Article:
ICC Launches Preliminary Investigation on Deportation of Rohingya from Myanmar to Bangladesh

By: Charlotte Volpe
Impunity Watch Reporter, Asia

THE HAUGE, Netherlands – The International Criminal Court stated that they will begin a preliminary investigation on the forced displacement of more than 700,000 Rohingya Muslims from Myanmar to Bangladesh. Led by ICC prosecutor Fatou Bensouda, the preliminary inquiry will examine evidence of the atrocities that the Myanmar military has committed against Rohingya Muslims in the Rakhine state of Myanmar since 2017. The military’s alleged atrocities include mass rape, murder, destruction of Rohingya villages, and deportation. These crimes have gone unacknowledged and unpunished by Myanmar’s national government.

Rohingya refugees in borderland between Myanmar and Bangladesh. Photo courtesy of Adam Dean.

Though Myanmar is not a member state of the ICC, Bensouda argues that the Court holds jurisdiction over the conflict because the Rohingya have fled to neighboring Bangladesh, which is a member of the Court. Thus, the crime of forced displacement has continued into Bangladesh, providing a means for the ICC to exert its authority over this aspect of the conflict in a member state. This move is an attempt to insert international oversight over a genocide that has been occurring with impunity in Myanmar. The international community continues to have limited ability to investigate Myanmar army’s crimes against the Rohingya in Rakhine because Myanmar has refused international humanitarian organizations entry to that particular region.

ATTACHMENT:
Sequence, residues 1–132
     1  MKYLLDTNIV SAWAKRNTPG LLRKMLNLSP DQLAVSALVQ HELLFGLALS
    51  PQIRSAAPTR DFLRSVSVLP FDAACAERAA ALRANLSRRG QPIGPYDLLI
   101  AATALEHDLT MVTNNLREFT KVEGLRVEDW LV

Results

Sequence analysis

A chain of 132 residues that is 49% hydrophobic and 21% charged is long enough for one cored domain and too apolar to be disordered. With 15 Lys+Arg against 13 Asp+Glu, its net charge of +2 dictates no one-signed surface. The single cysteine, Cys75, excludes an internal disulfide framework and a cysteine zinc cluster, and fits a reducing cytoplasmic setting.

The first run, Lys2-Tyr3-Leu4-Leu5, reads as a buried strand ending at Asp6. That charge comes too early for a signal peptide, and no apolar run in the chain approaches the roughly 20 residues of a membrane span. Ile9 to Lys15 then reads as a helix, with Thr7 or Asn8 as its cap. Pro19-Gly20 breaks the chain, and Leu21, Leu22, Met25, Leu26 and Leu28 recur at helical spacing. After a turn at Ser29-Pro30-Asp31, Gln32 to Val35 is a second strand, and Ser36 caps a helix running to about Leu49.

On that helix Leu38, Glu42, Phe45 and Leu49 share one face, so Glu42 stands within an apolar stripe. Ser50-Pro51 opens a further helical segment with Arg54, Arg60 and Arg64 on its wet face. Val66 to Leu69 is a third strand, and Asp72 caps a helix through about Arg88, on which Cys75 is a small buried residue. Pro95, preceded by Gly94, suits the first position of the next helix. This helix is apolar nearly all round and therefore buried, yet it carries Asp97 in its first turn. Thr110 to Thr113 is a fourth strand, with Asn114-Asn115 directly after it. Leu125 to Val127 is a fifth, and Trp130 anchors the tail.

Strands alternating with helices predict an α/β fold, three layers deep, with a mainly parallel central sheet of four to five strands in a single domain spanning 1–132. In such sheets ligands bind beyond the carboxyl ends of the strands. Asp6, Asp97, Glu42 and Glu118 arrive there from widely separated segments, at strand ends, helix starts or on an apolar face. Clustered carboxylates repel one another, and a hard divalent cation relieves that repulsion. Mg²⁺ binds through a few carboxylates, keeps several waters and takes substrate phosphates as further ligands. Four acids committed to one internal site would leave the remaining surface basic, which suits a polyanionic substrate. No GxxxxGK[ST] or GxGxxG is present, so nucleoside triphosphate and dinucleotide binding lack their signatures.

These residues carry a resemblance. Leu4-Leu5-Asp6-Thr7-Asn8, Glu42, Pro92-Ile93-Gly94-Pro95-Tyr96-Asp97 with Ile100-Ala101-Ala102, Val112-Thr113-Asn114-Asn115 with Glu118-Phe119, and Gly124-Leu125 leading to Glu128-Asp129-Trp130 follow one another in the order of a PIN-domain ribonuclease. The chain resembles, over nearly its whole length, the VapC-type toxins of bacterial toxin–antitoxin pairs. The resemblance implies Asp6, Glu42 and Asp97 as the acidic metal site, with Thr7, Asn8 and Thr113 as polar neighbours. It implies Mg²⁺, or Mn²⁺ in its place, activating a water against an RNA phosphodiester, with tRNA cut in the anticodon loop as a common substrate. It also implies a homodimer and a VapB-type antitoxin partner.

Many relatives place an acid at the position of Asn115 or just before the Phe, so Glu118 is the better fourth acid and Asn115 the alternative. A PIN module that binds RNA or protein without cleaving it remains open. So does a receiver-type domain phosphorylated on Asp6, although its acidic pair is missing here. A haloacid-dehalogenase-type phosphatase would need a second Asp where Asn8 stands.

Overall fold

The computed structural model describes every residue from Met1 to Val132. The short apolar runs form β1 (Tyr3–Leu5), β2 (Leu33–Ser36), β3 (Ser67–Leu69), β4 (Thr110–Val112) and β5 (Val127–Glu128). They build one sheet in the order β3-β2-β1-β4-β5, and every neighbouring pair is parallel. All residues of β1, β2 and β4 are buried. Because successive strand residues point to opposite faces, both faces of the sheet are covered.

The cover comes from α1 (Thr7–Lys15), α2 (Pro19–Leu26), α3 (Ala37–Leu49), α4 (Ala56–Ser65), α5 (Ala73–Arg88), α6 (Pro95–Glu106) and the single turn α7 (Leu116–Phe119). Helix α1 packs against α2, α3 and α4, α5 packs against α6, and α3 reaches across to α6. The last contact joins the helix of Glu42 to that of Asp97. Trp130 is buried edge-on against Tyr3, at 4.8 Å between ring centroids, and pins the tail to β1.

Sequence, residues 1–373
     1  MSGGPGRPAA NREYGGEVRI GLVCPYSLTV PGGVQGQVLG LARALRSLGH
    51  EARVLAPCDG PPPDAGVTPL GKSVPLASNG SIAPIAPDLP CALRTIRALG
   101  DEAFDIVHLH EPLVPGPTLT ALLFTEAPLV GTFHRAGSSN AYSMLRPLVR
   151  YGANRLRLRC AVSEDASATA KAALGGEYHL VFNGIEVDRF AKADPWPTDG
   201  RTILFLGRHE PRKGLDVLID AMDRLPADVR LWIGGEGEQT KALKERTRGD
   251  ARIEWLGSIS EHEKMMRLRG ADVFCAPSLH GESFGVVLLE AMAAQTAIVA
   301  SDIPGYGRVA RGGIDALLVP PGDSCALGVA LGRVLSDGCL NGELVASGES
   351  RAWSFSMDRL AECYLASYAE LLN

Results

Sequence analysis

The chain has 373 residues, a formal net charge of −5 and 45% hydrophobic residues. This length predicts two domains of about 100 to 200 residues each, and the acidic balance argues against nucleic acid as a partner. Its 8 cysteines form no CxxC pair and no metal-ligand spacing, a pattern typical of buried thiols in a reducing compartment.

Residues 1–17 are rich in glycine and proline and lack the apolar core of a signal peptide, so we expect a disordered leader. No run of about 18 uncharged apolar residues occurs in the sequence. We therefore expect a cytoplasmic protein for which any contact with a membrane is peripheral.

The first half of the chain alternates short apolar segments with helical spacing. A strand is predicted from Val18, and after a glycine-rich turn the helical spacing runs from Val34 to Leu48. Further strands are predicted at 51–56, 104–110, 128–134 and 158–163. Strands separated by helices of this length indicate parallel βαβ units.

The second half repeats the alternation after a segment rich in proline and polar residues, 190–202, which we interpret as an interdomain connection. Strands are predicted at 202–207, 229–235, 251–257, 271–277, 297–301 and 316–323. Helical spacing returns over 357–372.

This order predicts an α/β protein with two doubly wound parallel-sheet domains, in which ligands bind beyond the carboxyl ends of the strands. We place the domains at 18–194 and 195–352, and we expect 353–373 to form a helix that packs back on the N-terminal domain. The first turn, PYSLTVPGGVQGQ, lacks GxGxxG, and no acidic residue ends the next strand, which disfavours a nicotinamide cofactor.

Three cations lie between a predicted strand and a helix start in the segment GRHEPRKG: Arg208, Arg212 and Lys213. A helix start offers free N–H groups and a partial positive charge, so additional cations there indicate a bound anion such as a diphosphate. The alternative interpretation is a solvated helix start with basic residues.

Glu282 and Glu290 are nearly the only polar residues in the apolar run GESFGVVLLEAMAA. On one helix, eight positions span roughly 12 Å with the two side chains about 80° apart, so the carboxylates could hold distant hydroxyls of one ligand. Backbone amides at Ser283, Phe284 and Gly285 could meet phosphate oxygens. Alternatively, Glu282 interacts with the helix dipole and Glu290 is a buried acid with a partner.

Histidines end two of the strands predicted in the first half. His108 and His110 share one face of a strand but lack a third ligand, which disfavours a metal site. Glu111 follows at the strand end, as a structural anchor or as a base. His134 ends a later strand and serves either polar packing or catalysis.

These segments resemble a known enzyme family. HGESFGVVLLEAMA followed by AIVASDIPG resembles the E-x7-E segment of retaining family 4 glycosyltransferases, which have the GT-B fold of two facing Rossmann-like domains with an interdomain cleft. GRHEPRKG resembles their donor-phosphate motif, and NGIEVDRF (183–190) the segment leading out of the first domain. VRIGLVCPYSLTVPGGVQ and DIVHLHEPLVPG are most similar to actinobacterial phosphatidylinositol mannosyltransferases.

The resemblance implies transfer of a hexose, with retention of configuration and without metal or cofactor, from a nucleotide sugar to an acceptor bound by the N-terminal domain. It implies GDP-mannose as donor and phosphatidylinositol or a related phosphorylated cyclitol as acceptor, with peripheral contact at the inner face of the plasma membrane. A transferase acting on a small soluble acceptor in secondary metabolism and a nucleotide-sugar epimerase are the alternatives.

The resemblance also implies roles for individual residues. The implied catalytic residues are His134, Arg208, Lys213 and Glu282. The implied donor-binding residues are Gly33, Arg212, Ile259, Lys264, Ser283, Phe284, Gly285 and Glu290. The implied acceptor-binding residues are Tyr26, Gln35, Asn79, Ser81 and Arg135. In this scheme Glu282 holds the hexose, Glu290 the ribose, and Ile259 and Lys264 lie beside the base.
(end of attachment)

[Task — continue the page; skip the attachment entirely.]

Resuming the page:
A preliminary investigation is not a formal investigation, however. It is the ICC’s means to determine whether there is sufficient reason implicating an aggressor party for crimes against humanity, thus validating a full investigation to proceed. If the Court finds enough evidence demonstrating the Myanmar military’s violation of human rights against the Rohingya, it can launch a full-fledged investigation. However, to do so it will require that the UN Security Council refer the case in Myanmar to the ICC’s jurisdiction. The divisive nature of the Council, as well as Russia and China’s economic and geopolitical interests in Myanmar, make a Security Council referral an unlikely feat.

Nonetheless, the ICC’s preliminary investigation is a first step towards circumventing Myanmar’s refusal to hold their own army accountable for ethnic genocide. This preliminary examination has the potential to demonstrate that the international community will exert the authority it can in seeking justice for the atrocities experienced by the Rohingya, the “world’s most persecuted minority.” The extent to which the ICC can exact justice, however, is yet to be determined.

For further information, please see: 

The Straits Times – International Criminal Court opens preliminary probe into Myanmar crimes against Rohingya – 19 September 2018

International Criminal Court – Statement of ICC Prosecutor, Mrs Fatou Bensouda, on opening a Preliminary Examination concerning the alleged deportation of the Rohingya people from Myanmar to Bangladesh – 18 September 2018